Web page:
WILDWOOD ─ "The Heavens are glad because you are here," Rabbi Ron Isaacs said May 11. The Herald attended a Friday evening service, welcoming the Sabbath and celebrating Jerusalem Day, with the congregation and friends of Beth Judah Temple.
As tension still grips the Middle East, the eyes of the world looked on as the U.S. Embassy moved from Tel Aviv to Jerusalem, May 14.
Jerusalem Day (Yom Yerushalayim), one of the newest celebrations on the Jewish calendar, commemorates the reunification of Jerusalem and Israeli control over the Old City after the 1967 Six-Day War.
Isaacs commented on the ongoing division in Jerusalem as three faiths claim the city: Judaism, Christianity, and Islam.
Throughout its history, Jerusalem has witnessed great turning points while bringing joy and pride to those who love her. King David made Jerusalem the capital of Israel and was followed by his son Solomon whose crowning achievement was the building of the Temple.
Israel's oppressors have ranged from the Babylonians to the Romans, who destroyed the Temple in 70 CE (AD).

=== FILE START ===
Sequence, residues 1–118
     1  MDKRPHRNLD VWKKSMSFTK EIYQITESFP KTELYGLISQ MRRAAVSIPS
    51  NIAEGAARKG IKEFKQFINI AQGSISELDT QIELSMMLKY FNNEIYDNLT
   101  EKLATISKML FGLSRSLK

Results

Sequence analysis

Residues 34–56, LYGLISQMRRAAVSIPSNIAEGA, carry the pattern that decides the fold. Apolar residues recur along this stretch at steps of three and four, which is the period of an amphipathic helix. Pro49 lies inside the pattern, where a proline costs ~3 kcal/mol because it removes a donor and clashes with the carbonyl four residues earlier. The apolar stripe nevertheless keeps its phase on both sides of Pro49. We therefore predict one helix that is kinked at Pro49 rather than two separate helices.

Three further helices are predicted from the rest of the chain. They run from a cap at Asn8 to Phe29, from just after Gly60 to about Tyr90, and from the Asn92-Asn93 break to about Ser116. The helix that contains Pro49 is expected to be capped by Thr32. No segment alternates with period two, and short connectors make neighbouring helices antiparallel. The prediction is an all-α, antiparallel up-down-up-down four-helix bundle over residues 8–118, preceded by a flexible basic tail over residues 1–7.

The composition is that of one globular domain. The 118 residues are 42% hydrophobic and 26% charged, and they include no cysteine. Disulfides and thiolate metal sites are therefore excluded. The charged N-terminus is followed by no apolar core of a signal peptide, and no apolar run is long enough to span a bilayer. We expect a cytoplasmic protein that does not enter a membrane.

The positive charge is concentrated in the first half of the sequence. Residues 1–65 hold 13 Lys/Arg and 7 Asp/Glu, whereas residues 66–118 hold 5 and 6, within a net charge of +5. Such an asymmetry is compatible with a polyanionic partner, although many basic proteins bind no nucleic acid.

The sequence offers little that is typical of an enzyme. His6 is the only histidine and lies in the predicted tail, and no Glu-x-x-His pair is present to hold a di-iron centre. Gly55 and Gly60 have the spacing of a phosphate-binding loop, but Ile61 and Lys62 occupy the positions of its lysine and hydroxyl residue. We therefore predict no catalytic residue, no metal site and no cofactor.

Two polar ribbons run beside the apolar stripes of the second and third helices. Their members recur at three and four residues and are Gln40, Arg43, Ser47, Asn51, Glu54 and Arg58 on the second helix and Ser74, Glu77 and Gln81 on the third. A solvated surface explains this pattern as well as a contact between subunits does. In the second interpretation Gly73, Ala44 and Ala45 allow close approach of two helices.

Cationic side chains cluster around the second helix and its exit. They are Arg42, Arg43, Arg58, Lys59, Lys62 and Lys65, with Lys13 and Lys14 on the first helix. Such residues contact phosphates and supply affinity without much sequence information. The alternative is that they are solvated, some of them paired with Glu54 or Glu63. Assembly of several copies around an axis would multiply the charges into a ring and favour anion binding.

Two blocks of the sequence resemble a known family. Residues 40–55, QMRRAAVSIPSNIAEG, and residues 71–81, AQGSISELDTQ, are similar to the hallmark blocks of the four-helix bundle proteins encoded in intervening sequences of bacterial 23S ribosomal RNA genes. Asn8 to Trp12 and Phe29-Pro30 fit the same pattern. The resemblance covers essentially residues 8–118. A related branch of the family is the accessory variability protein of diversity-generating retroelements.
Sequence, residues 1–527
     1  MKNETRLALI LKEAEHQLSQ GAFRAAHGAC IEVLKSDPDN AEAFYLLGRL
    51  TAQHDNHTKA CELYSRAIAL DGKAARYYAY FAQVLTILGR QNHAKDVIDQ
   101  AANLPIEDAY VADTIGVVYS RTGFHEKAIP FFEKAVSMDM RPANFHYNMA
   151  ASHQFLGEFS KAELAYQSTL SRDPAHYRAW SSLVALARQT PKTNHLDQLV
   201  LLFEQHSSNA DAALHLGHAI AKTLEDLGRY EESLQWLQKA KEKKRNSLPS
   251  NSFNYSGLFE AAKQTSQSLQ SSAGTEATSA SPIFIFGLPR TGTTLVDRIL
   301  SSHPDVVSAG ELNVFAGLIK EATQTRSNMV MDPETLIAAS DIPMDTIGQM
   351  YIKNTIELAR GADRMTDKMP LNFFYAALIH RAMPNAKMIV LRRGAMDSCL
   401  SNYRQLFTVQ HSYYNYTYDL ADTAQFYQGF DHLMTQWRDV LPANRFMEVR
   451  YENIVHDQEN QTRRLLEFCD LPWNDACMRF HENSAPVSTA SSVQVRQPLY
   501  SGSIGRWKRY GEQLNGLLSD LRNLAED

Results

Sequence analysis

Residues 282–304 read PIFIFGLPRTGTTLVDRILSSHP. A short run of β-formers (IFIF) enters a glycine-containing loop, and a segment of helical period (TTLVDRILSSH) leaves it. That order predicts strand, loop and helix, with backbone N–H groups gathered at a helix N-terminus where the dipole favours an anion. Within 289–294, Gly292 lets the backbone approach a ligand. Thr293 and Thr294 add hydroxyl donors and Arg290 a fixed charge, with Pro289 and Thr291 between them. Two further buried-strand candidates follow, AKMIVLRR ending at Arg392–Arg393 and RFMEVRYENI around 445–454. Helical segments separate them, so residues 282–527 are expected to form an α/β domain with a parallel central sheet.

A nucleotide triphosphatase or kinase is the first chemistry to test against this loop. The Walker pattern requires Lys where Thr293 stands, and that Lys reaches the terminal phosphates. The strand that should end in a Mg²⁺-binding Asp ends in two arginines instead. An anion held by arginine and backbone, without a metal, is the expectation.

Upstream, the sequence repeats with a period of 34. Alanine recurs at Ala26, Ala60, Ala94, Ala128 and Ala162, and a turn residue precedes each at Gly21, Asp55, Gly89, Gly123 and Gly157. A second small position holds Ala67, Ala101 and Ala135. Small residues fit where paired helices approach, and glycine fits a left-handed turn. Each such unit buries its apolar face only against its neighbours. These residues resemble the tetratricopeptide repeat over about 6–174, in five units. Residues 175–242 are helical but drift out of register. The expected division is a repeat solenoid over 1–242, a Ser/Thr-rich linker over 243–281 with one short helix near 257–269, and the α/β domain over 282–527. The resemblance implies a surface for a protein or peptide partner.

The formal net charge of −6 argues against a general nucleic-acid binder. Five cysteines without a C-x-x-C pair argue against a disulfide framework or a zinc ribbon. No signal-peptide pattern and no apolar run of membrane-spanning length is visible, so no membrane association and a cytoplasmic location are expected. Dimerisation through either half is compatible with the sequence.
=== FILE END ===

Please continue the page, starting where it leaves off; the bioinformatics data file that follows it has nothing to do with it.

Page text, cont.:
Notwithstanding its history of conflict, the name Jerusalem is commonly interpreted "city of peace."
Isaacs remarked on seeing the stones of the Western Wall shine like gold beneath the setting sun. According to Isaacs, the city building code requires "Jerusalem Stone" to be used.
As the service unfolded, enthusiastic singing resounded within the sanctuary. Isaacs explained how prayer is praise and how the different psalms and other songs focus on God and his divine attributes, "not asking God for a favor."
After the service concluded, Isaacs and his wife, Leora, led a demonstration of Israeli folk dances and Kugel, a traditional Jewish baked pudding, was served.
Isaacs became rabbi at Beth Judah in September 2016, coming out of retirement after 40 years as rabbi in Bridgewater.
Isaacs told the Herald he vacationed in Cape May for many years without knowing of the synagogue in Wildwood.
Beth Judah welcomes everyone who wishes to come and prays for peace for all people. Two local Methodist pastors and a group of young people also attended the service.
As the words of Psalm 122 say, "Pray for the peace of Jerusalem: May they prosper who love you. Peace be within your walls."
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